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New York, New York, United Nations, 1992. viii, 400 p. (ST/ESA/SER.A/128)Available child mortality data are provided since the 1960s for 82 developing countries, arranged alphabetically, with a population of >1 million. The scope and methodology of the data, the main findings, a guide to the notation and layout of the database, and country specific profiles are included. Available data are included from many different sources without adjustment; graphs are provided. There is a brief discussion of the nature of child mortality and the methods used to measure it such as the crude death rate, age specific death rates, the infant mortality rate, <5 mortality, mortality 1-5 years, and model life tables for age specific child mortality. There is also discussion of the various data sources and estimation methods: vital registration data, prospective surveys, household surveys, prospective sample surveys, surveillance systems, retrospective questions in censuses and surveys, questions on recent household deaths by age, Brass method questions to whom on aggregate number of children born or dead, questions on women's most recent birth and survival, and maternity histories. Commentary is provided on the common index approach and the intersurvey change approach to evaluation of child mortality estimates. There is not 1 best method for measuring mortality. Countries with the most complete reporting of vital registration data are Hong Kong, Israel, Mauritius, Puerto Rico, and Singapore. Countries with incomplete data which does not provide a good measure of child mortality are Egypt, El Salvador, Guatemala, Jamaica, and Trinidad and Tobago. Brass estimates which agree with vital registration data include the following countries: Costa Rica, Cuba, Kuwait, and Peninsular Malaysia. Indirect estimates which confirm vital registration data pertain to Chile and Uruguay. Brass questions provide satisfactory results in Costa Rica, Cuba, Egypt, El Salvador, Guatemala, Jamaica, Sri Lanka, and Trinidad and Tobago. Underestimates are expected for Argentina and Egypt. Indirect methods applied to census data provide good estimates for 23 countries, indirect methods applied to survey data yields good estimates for 21 countries, and direct calculations from maternity histories provide good estimates for 20 countries. 17 countries have poor results from maternity histories alone. Child mortality may have fallen by >50% in developing countries between 1960-85.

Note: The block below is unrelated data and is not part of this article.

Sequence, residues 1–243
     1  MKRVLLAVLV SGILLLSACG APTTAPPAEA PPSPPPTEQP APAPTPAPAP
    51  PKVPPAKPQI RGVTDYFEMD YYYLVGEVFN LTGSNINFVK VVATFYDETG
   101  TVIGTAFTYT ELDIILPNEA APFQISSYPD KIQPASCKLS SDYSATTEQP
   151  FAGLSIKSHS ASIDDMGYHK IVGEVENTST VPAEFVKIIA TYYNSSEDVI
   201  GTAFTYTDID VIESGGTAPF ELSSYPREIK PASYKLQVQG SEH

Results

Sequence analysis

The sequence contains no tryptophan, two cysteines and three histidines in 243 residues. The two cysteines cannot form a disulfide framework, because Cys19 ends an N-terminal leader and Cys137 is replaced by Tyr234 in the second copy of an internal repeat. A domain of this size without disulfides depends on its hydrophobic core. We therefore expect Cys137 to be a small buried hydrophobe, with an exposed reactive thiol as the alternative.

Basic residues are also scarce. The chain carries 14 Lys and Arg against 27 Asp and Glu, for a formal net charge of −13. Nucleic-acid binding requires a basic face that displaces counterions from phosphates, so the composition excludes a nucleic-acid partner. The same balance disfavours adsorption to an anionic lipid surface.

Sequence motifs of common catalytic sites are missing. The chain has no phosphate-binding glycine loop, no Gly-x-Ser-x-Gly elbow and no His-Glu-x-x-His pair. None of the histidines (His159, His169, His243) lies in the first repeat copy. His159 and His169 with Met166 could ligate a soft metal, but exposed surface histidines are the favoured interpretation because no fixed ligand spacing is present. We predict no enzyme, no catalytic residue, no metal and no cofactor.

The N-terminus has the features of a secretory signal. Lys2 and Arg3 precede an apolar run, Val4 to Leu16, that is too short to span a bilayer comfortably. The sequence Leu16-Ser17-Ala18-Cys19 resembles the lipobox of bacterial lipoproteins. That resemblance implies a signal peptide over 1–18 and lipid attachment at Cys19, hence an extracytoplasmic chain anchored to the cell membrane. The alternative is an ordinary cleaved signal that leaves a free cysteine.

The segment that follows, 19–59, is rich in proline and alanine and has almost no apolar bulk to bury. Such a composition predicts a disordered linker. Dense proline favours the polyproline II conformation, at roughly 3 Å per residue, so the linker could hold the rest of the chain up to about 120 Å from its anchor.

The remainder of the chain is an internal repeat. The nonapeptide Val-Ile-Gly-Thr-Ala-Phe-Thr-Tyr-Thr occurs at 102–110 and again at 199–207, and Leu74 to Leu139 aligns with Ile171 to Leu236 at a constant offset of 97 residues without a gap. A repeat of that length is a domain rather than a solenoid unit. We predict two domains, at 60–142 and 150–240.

In: International Population Conference / Congres International de la Population, Montreal 1993, 24 August - 1st September. Volume 3, [compiled by] International Union for the Scientific Study of Population [IUSSP]. Liege, Belgium, IUSSP, 1993. 269-78.Modeling life table functions by statistical methods, begun at the Population Branch of the UN in the early 1950s, resulted in the publication of a set of model life tables. From 158 life tables for various countries and periods, the UN analysts noted that the probability of dying in a certain age interval provides excellent approximation when the parameters defining the polynomial are obtained by the method of least squares. Factor analysis of probabilities of dying from a set of 154 abridged life tables was found to produce 5 factors in an earlier study by Ledermann and Breas. In this study of 120 life tables each for males and females, a principal component analysis produced only 2 factors with eigenvalues greater than 1. Together these 2 factors explained 97 and 98%, respectively, of the male and the female variance. The 1st factor loadings were found to be inversely related to age, while the opposite was the case with the 2nd set. They could reproduce life expectancy with a high degree of accuracy, the squared multiple correlations being .98 for male and .97 for female life tables. In conjunction with suitable pairs of factor scores, model life tables can be constructed. The method is also suitable for the determination of factor scores of any life table which are indicators of the states of mortality at younger and older ages. Combinations of these factor scores can also generate sets of life tables with identical life expectancies. In replicating the analysis of Ledermann and Breas with these data, 4 factors with a 5th bordering on significance together explained only 91% of the variance compared with the 97% and 98% found by the current study. The 2 dimensions of life tables represented by the 2 factors provide an interesting comparison with their counterparts, namely region and life expectancy. A comparison of this model with the Brass relational logit model revealed it was similar to a special case of this model derived by retaining only the 1st factor. The 2-factor model should produce better results.